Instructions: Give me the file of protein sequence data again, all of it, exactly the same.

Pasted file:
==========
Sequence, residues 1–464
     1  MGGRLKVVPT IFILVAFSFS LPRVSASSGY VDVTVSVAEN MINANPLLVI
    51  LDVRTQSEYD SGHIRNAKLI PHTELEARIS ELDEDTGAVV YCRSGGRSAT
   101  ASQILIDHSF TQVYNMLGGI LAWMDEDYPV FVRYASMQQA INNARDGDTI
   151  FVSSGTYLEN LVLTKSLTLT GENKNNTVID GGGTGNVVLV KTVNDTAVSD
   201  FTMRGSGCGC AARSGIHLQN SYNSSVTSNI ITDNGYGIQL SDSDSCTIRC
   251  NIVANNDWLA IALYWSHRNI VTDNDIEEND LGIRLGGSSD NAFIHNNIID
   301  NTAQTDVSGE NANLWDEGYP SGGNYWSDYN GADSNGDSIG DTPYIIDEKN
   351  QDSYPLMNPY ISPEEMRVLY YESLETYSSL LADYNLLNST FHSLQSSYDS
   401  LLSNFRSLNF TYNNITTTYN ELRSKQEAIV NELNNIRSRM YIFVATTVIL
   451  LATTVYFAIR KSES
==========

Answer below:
Sequence, residues 1–464
     1  MGGRLKVVPT IFILVAFSFS LPRVSASSGY VDVTVSVAEN MINANPLLVI
    51  LDVRTQSEYD SGHIRNAKLI PHTELEARIS ELDEDTGAVV YCRSGGRSAT
   101  ASQILIDHSF TQVYNMLGGI LAWMDEDYPV FVRYASMQQA INNARDGDTI
   151  FVSSGTYLEN LVLTKSLTLT GENKNNTVID GGGTGNVVLV KTVNDTAVSD
   201  FTMRGSGCGC AARSGIHLQN SYNSSVTSNI ITDNGYGIQL SDSDSCTIRC
   251  NIVANNDWLA IALYWSHRNI VTDNDIEEND LGIRLGGSSD NAFIHNNIID
   301  NTAQTDVSGE NANLWDEGYP SGGNYWSDYN GADSNGDSIG DTPYIIDEKN
   351  QDSYPLMNPY ISPEEMRVLY YESLETYSSL LADYNLLNST FHSLQSSYDS
   401  LLSNFRSLNF TYNNITTTYN ELRSKQEAIV NELNNIRSRM YIFVATTVIL
   451  LATTVYFAIR KSES